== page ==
Steven Spielberg and George Lucas took a different direction with Indiana Jones in the sequel to 1981’s “Raiders of the Lost Ark”. For one, the film is actually a prequel, with the action taking place in 1935, mainly set in India (after a short prelude in China). This was apparently to avoid using the Nazis again as the villains – which necessitated a time shift to before the war.
In addition, the mood was distinctly darker, and involved themes and plot devices such as human sacrifice and wholesale abduction of children. So the music needed to be similarly darker in tone.
The score and indeed film opens with an extended and thrilling introduction which suddenly bursts gloriously into a slightly Chinese version of Cole Porter’s “Anything Goes” It is wonderfully over the top, and perhaps sets the scene for the film as a whole – it is perhaps telling us that in this film, anything goes. But don’t take it too seriously! This was my first hearing of any Cole Porter music, and I can’t hear the original now without hearing in my mind the little Chinese embellishments which Williams gave it.
Following this voluptuous opening, we are treated in the film to some of John Williams’ wonderful action cues, as Indy brawls in the nightclub and tries to escape with the vial of anti-venom after being poisoned by the double-crossing Lao Che. The music is more disjointed than many of the cues in the first Indiana Jones film, and this is maybe to show Indy’s growing confusion as the poison takes hold.
The next cue, Fast Streets of Shanghai, is the first major new cue in the film, in that it gives us a glimpse of one of the wonderful new themes Williams composed for the film, for Indy’s young sidekick, Shortround. You can hear it at about 00:17 below. It’s a beautiful little theme, encapsulating the boy’s Chinese background and his innocence. It is heard in fuller version later in the score. This piece meanwhile ends with a building statement of the famous Indy theme (otherwise known as the Raiders March). It is a truly joyous piece, and after the slightly unusual opening to the film, returns us to comfortable territory.
The next piece, Map/Out of Fuel, gives us the next new major theme, this time for Willie Scott. It is a swooping, surprisingly classical theme. It is heard for the first time at 00:34. Again, it will be developed further later in the score.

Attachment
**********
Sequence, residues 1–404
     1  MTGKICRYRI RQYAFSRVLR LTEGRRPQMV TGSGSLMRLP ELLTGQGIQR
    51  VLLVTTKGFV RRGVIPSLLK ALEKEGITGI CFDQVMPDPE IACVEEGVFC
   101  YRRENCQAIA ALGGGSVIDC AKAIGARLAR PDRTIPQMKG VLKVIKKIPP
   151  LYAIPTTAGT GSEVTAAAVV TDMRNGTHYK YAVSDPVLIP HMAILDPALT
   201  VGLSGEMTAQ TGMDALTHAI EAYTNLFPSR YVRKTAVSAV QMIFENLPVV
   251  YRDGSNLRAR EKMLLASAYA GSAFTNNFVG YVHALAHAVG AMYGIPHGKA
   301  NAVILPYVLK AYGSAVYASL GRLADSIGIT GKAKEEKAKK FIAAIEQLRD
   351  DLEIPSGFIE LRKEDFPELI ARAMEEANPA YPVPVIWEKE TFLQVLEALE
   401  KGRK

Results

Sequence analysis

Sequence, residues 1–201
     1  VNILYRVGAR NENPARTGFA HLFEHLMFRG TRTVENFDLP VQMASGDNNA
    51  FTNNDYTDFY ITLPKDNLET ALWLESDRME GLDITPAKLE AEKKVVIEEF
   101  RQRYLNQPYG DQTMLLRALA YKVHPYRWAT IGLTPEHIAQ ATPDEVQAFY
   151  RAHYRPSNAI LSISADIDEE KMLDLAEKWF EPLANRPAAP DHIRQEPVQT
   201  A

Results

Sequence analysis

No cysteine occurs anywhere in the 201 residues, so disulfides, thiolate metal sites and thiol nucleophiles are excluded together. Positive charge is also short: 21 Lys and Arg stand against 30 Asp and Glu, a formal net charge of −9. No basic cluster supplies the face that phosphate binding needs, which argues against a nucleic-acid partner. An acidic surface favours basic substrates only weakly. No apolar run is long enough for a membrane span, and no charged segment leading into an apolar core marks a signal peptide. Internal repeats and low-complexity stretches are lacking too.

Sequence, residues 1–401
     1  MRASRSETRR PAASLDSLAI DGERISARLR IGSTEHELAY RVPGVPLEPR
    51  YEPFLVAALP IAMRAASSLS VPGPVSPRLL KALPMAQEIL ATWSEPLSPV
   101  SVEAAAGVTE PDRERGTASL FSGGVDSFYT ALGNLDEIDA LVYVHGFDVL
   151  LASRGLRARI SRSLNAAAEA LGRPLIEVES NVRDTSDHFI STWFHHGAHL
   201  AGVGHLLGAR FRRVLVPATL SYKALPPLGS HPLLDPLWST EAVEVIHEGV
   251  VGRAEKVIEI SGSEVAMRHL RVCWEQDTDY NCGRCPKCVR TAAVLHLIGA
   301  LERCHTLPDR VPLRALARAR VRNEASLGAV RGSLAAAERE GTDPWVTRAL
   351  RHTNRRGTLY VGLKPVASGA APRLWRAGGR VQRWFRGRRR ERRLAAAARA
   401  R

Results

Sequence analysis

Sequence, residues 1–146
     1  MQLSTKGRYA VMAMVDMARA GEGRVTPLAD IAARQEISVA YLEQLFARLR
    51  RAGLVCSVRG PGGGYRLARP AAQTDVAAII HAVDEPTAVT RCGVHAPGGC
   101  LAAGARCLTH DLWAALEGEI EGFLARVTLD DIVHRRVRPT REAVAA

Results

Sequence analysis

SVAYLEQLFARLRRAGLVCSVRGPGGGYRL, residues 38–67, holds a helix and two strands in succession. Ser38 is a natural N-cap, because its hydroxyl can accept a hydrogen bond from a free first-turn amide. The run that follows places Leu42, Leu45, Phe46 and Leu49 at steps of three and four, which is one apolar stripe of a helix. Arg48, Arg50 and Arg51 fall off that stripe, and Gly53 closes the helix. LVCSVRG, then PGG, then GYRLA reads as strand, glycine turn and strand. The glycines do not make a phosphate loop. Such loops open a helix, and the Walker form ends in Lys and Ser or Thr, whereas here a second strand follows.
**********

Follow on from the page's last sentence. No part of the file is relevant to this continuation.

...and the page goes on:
Williams is masterful in the way he is able to tie this theme into the following cue, called Slalom on Mt Humol. It shines out every so often from the rather chaotic and rhythm driven body of the cue, such as at 00:44, and then at 1:03. This piece comes to a beautifully satisfying conclusion as the music turns mysterious, and slightly sinister, ending with the appearance on the shore of a strange elder, accompanied by the beautiful sounds of the sithar.
On the album, Short Round’s Theme (which gives us the fullest version of the wonderful new theme) actually accompanies the intrepid travellers as they set off on elephant back for the Palace of Pankot to try to find the abducted children. The theme is actually made of two distinct sections. Both have the feel of a Chinese melody, using intervals which are often found in music of the region. Melody 1 is a courageous melody often given to the horns and brass, which climbs up the scale. It is heard at 1:03. The secondary theme is made up of much smaller intervals, and has a distinctly childlike vibe. It is heard often in the woodwind, and gives the theme a lightness of touch which is instantly appealing.
There are many other highlights of the score, with some hidden gems which have only really been discovered since the release of the full score a few years ago. One such is the theme for Pankot Palace, which has a suggestion of the Knight’s Dance from Prokofiev’s Romeo and Juliet. It’s a wonderful pompous piece which somehow also communicates mystery and hidden terrors. Listen to it at 1:50 below. The whole piece is a wonderful example of Williams absolute mastery of orchestral colours and textures.
I am going to skip ahead to the other major new theme of this film, which is “Slave Children’s Crusade”. It shares some of its DNA with the Battle of Hoth music from the Empire Strikes Back, but is richer melodically. The brass melody which comes in after the introduction is surely one of Williams’ best writing for the Indiana Jones films. It is triumphant, imbued with a sense of the Indian setting, and has a forward momentum which Williams so excels at in his marches. The secondary theme for this, a swirling figure for the strings, only adds to the ethnic vibes, and then of course the maestro puts the two themes together, at 00:57. The strings now swirl over the brass melody. It’s a wonderful piece of writing.
I want to point your attention finally to the End Credits. John Williams is a master of creating cohesive end credits which act as a sort of summary of the main themes which have gone before. This one is no exception, but it has a rather lovely surprise.
After the initial statement of the Raiders March, it is repeated, but this time, Short Round’s theme is played over the top. It is a simple little trick which is easy to miss, but shows yet again why John Williams is so revered. Then we have a martial iteration of the Slave Children’s Crusade March, which sounds all the more wonderful here as it is truly allowed to shine. Then we have a rendition of Short Round’s Theme, followed by a luscious playing of Willie’s Theme. This leads finally back into the Raider’s March, ending with a blaze of glory.
And so ends the film, until next time. For the next film in the franchise, Lucas and Spielberg would return to the Nazis for their master villains, and John Williams would write some of the very best music of the franchise. But more on that later…